the family doctors were advised to review immunisa-

Toxigenic C. diphtheriae Toxigenic C. ulcerans

‘Classical’ diphtheria (with membrane) Otherb Total ‘Classical’ diphtheria (with membrane) Otherb Total

1986 - 1992 4 24 28 0 9 9

1993 - 1999 4 17 21 4 21 25

2000 - 2009 1 14 15 3 24 27

Total 9 55 64 7 54 61

a Data for 2009 are provisional

b Other includes respiratory diphtheria without a membrane, cutaneous diphtheria, and asymptomatic carriers


tion history and offer a booster dose if none had been

received in the previous 12 months.

No school or work contacts were identified as the case

was not at school during the infectious or incubation

period. No other contacts were identified. All swabs

from contacts were negative.


Classical respiratory diphtheria is rare in the UK,

and between 1986 and 2007 only eight cases of classical

respiratory diphtheria caused by toxigenic

C. diphtheriae were reported, all of whom had a history

of travel to endemic countries. Countries with

endemic diphtheria are Algeria, Angola, Egypt, Niger,

Nigeria, Sudan, and sub- Saharan countries, Bolivia,

Brazil, Colombia, Dominican Republic, Ecuador, Haiti,

and Paraguay, Afghanistan, Bangladesh, Bhutan,

Burma (Myanmar), Cambodia, China, India, Indonesia,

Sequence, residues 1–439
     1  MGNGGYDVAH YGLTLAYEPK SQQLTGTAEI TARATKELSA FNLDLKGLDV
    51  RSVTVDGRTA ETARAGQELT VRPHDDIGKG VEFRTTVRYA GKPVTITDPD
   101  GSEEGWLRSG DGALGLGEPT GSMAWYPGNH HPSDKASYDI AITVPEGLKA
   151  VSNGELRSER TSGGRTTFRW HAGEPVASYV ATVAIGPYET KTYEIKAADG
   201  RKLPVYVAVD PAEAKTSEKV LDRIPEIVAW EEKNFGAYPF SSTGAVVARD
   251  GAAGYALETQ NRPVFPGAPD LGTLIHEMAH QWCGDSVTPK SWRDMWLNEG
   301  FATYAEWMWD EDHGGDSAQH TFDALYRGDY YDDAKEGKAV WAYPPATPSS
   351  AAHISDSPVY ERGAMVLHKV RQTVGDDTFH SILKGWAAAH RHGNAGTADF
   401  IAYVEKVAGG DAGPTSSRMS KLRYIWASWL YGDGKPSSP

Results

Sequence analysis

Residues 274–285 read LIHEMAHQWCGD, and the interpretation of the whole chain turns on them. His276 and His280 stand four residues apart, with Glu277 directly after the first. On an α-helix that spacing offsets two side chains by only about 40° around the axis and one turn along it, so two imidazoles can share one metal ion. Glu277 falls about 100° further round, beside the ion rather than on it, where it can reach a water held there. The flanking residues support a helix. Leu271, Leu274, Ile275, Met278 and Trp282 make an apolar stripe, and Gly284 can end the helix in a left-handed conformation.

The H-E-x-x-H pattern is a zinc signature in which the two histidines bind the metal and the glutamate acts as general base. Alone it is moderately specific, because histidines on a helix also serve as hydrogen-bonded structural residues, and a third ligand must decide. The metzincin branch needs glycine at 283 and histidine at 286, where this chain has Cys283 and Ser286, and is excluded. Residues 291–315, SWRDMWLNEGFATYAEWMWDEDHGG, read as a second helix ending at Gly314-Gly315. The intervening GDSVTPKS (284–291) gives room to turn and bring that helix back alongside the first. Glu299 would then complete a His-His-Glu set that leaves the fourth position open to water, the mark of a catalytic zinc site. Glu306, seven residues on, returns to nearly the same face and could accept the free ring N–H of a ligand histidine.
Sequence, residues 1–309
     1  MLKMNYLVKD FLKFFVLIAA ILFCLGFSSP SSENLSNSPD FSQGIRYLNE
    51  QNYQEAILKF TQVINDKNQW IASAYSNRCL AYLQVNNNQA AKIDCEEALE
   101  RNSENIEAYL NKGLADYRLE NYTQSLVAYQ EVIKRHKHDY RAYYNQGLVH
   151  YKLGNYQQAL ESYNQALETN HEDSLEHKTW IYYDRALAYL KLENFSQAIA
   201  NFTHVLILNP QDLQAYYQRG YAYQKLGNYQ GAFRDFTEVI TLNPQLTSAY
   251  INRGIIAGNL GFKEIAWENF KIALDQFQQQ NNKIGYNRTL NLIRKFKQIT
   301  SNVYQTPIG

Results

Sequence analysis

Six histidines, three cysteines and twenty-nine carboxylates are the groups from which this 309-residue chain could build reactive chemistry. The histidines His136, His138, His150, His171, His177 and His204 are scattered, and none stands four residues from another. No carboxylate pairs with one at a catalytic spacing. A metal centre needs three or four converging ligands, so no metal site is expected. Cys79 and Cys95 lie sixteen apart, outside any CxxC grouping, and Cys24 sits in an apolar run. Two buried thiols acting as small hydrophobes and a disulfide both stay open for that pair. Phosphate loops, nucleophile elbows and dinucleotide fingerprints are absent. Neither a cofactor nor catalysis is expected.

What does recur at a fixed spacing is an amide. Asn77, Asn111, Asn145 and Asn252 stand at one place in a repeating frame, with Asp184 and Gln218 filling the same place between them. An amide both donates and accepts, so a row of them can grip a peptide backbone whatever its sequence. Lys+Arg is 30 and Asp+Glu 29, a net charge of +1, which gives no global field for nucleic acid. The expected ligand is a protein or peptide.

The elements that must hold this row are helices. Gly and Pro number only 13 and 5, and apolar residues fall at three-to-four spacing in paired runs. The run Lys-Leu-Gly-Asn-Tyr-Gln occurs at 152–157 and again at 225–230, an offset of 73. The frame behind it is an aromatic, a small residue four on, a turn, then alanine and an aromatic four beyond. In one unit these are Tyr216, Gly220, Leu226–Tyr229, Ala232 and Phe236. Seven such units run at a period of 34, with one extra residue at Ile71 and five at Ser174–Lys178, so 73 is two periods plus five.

Laos, Malaysia, Mongolia, Nepal, Pakistan, Papua

New Guinea, Philippines, Thailand, and Vietnam, Iran,

Iraq, Saudi Arabia, Syria, Turkey, and Yemen, Albania,

Russia, and countries of the former Soviet Union [7]. In

2008 a fatal case of laryngeal diphtheria, caused by a

toxigenic C. diphtheriae var mitis strain, was reported

in London in an unimmunised child [4]. There was no

history of recent travel and although one close contact

had travelled to Africa a month before the child

became unwell, the throat swab taken from this contact

was negative.

The source of infection for the case discussed in this

paper remains unknown; however, the association of

the ribotype with Belarus implies that it may have been

imported. There was no contact with known cases of

diphtheria and no close contacts were identified as

carriers of toxigenic C. diphtheriae. The case had no

travel history, no contact with anyone who had recently

travelled, and no recent contact with animals.

The case presented here was partially immunised

against diphtheria, which may explain the less severe

disease and non-classical presentation (i.e. lack of

a pseudomembrane). While the incomplete vaccination

did not protect the case against the infection, it

probably protected them against the effects of toxin

produced by the bacteria. Mild diphtheria is usually

only diagnosed following laboratory confirmation of

a toxigenic strain of corynebacteria. Throat swabs

are routinely tested for corynebacteria at the hospital

this case attended, but most UK laboratories will only

screen for the organism if there is a clinical indication

of diphtheria, and or contact with a known case. Other

mild diphtheria cases therefore may be missed.

In this case there was some delay in the diagnosis

of diphtheria. This was partly due to the low level of